Minister for Water Resources Admits Excessive Groundwater Use by Coca-Cola
Business Standard
September 2, 2004

Kolkata: Soft drinks manufacturers like Coca-Cola and PepsiCo will have to work with the ministry of water resources to replenish the groundwater they use to produce the branded beverages, P R Dasmunsi, Union minister for water resources, said at a seminar here on 'Rainwater harvesting & groundwater recharge', organised jointly by Federation of Indian Chambers of Commerce & Industry (FICCI) and Bharat Chamber of Commerce (BCC).

The ministry would seek corporate sector participation for preserving and re-charging the ground water resources, said Dasmunsi.

Voluntary participation of softdrinks manufacturers , corporate bodies and other private players is the only way for successful completion of the project, the minister pointed out.

Excessive water usage by these industries along with power producing industries and other water intensive industries was a credible threat to the country's ground water (GW) resources.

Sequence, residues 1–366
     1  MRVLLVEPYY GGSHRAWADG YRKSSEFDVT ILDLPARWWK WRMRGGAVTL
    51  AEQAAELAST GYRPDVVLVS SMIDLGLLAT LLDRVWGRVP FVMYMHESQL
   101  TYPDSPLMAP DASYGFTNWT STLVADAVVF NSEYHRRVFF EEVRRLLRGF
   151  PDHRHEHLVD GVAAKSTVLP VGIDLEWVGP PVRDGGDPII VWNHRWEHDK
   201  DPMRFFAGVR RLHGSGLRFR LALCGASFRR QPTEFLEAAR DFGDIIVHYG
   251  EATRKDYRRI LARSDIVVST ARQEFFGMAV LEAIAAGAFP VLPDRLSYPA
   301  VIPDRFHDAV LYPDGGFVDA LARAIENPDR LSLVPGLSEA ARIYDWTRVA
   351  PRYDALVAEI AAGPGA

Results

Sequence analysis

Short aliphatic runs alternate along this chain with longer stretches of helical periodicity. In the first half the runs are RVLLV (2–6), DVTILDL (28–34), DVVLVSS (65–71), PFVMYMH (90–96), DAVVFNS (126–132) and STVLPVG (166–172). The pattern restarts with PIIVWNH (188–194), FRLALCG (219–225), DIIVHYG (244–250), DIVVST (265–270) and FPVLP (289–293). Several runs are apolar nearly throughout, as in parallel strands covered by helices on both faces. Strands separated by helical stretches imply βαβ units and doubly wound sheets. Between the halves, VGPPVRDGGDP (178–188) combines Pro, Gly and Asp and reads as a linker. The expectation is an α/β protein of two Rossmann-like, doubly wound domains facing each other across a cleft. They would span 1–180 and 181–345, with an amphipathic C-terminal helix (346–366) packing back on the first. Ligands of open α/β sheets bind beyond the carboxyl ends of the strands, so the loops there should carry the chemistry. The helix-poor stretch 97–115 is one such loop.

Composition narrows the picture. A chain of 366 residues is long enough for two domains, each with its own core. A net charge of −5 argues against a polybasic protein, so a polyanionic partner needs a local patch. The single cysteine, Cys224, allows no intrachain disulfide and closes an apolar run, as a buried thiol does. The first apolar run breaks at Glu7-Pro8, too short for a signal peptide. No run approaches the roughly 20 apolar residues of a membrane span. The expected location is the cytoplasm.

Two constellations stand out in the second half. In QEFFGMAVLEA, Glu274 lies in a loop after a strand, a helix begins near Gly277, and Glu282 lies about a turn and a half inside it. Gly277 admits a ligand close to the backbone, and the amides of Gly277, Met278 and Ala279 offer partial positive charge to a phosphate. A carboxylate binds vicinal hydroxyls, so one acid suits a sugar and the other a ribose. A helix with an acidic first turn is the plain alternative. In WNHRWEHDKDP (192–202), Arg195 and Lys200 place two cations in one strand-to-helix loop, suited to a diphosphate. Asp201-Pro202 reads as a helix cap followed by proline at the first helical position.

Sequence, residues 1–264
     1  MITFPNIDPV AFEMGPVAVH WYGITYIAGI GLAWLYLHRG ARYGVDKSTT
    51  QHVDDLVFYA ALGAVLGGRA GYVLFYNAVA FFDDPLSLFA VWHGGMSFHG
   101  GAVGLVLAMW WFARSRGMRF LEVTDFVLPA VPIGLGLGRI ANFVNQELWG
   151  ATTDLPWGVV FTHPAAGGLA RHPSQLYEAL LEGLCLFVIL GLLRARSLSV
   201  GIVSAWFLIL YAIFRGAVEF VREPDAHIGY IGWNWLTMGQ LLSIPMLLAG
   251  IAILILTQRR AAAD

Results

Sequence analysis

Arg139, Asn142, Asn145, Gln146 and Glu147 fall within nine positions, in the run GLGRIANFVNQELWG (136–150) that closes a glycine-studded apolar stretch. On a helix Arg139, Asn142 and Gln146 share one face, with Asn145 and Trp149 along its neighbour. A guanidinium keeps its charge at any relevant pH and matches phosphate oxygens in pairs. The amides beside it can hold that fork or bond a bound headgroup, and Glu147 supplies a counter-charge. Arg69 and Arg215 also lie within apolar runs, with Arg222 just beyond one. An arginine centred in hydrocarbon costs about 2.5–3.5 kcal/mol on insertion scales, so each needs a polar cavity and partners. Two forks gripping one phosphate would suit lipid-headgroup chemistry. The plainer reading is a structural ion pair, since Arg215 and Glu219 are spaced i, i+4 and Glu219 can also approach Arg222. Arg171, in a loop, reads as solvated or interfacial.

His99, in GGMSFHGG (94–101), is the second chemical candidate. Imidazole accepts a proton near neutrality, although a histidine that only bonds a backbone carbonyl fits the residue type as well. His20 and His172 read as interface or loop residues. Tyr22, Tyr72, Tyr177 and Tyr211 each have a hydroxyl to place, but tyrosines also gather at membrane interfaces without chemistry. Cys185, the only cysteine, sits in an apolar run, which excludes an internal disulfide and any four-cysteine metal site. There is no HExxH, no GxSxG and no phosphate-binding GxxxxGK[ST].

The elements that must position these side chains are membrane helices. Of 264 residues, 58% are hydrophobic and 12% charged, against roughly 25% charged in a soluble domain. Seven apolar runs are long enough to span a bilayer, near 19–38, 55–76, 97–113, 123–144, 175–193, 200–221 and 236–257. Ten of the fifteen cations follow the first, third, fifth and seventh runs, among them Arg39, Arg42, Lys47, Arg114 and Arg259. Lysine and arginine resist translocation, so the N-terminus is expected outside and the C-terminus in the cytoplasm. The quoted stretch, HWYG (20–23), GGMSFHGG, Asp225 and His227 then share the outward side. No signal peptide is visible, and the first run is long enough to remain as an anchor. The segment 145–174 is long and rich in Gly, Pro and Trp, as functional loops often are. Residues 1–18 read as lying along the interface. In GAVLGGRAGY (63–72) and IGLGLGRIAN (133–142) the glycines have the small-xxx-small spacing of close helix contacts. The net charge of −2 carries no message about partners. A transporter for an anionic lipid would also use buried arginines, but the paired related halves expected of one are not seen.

In order to bring some 'regulation ' on water usage , the ministry has asked state government for their opinion. After receiving these, the Centre would consult the ministry of environment and forests for final action.

The minister said the government would form a 'Rain water harvesting council' with FICCI, Confederation of Indian Industry (CII) and corporate bodies for implementing a rain harvesting project at the national level.

The Central Ground Water Board has come up with a master plan for recharging GW at a national level. Overall participation of village level governing bodies like panchayats and zila parishads were essential for overall success.

Wastage of water in rural areas was another issue of concern. "There should be some sort of financial obligation with usage of water, but marginal and poor farmers can be kept outside the the purview of such charges" Dasmunsi added.

Addressing several concerning issues like contamination, lowering ground water level, wastage of water at some regions of the country might convert water to a 'commodity' with high price , feared the minister.

Presently, 8 per cent area of the country is experiencing decline in ground water levels of more than 20 cm per year and if it continues like this, then by the end of the twelfth finance commission," he said. This issues would become "critical, difficult and perhaps impossible to control", said the minister.

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